Explore detailed information about a range of joint problems and treatments, including medications, surgery, physiotherapy and rehabilitation. Reading this will help you understand more about your own condition. There is also a glossary with explanations of many medical terms used in orthopaedics. You can find out even more by following the links page to other related websites, journals or professional medical associations.
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THE ANATOMY OF THE KNEE
The knee is a complex joint comprising; bony surfaces covered with a smooth articular cartilage layer. In the knee between the principal two bone of the femur and the tibia are two crescentic shaped fibrocartilage pads called “menisci” or “cartilages”. The ligaments that stabilise the knee consist of the collateral ligaments; medial and lateral, lying either side of the knee and the cruciate ligaments, anterior (ACL) and posterior cruciate ligament (PCL), lying within the joint. The fibrous capsule, which surrounds the knee, completes the stability of the joint. Two of the ligaments of the knee are within the joint; these are the anterior and posterior cruciate ligaments. In addition there are two ligaments outside the joint; the medial collateral ligament and the lateral collateral ligament.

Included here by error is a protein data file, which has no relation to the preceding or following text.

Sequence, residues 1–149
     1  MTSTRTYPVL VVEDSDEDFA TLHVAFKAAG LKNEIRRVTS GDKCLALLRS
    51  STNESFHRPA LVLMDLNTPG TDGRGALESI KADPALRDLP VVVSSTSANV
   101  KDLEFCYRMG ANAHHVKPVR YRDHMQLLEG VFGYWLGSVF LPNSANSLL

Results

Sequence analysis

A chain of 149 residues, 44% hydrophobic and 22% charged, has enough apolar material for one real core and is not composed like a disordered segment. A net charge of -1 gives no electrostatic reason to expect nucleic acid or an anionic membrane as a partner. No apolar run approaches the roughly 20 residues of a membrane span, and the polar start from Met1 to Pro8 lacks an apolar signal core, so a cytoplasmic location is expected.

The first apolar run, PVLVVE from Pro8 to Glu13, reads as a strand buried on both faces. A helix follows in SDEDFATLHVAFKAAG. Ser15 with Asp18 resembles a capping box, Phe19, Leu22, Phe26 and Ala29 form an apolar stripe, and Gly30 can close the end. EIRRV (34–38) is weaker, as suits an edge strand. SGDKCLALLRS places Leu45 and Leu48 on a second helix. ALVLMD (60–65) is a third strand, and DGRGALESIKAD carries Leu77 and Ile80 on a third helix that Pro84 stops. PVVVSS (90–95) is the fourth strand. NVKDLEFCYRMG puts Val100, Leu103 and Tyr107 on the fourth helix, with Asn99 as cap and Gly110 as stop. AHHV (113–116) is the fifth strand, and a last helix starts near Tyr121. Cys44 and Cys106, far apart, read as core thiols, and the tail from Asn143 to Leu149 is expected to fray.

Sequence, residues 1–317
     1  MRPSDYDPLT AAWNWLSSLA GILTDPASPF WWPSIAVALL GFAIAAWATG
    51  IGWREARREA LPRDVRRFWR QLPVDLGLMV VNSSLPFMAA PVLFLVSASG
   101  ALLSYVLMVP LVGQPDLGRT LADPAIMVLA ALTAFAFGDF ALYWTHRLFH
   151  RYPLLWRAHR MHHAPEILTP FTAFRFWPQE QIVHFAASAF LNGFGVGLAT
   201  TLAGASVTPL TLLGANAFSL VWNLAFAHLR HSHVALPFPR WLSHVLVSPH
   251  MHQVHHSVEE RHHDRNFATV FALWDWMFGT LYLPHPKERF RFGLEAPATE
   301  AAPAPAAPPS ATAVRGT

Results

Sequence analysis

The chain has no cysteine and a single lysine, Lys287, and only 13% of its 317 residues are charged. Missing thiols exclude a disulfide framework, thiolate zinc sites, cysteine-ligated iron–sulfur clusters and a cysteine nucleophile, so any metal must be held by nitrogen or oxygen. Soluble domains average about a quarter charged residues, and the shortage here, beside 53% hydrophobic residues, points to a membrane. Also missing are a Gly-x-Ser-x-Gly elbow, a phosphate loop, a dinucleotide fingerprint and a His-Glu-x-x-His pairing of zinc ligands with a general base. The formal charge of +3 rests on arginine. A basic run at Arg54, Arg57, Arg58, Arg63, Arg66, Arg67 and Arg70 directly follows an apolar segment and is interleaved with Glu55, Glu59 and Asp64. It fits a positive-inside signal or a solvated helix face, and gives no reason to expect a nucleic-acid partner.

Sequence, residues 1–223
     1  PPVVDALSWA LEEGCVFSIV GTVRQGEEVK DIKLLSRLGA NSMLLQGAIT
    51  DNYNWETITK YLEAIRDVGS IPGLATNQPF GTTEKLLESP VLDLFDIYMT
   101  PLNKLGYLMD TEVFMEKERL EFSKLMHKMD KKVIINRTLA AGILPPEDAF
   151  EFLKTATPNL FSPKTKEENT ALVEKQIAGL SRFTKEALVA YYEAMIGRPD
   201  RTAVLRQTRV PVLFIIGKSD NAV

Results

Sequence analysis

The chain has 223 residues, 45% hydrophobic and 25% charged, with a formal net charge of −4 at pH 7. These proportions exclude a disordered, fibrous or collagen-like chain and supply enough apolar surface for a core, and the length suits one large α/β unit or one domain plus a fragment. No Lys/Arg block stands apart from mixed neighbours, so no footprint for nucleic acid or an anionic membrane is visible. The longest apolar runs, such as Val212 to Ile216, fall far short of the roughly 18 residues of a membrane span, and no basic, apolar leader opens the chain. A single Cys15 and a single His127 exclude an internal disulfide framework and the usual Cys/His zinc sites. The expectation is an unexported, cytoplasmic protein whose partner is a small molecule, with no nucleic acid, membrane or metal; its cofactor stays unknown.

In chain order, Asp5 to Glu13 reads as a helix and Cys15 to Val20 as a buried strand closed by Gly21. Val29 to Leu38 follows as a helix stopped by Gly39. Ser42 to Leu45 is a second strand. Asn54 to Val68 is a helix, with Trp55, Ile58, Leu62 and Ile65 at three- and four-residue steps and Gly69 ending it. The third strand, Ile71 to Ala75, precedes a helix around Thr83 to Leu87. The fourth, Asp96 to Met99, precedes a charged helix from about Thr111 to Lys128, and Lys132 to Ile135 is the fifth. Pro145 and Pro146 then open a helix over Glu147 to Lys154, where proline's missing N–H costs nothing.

EXERCISES AND MEDICATION: PRIOR TO SURGERY
Prior to surgery and post operatively it is important to strengthen the muscles of the leg and to reduce the stiffness. Regular exercises should be undertaken to do this. Static quadriceps exercises consist of tensing the muscle on the front of the thigh whilst the knee is straight. Hold the contraction for 5 to 10 seconds, rest for 5 or 10 seconds and begin again. This should be repeated 10-50 times. Whilst lying on your back the straight leg should be lifted into the air and held for 5 to 10 seconds, then lowered rested for 5 to 10 seconds and repeated 10 to 50 times. If possible these exercises should be undertaken against weight or resistance or in a gym using exercise equipment.
Anti-inflammatory tablets (Indomethacin, Voltarol, Brufen, Naprosyn etc) must be stopped 2 days before surgery. On the morning of surgery patients should fast from midnight and arrive at the hospital at 7.20 am. For afternoon surgery you will be fasted after 8 a.m. Prior to the operation any tablets or medications you take, or allergies you may have to medications, should be brought to the attention of the surgeon. Please notify your surgeon and anaesthetist in advance if you are taking any anti-coagulants (blood thinners), hormone replacement tablets, the Pill or suffer from diabetes or any other significant medical condition.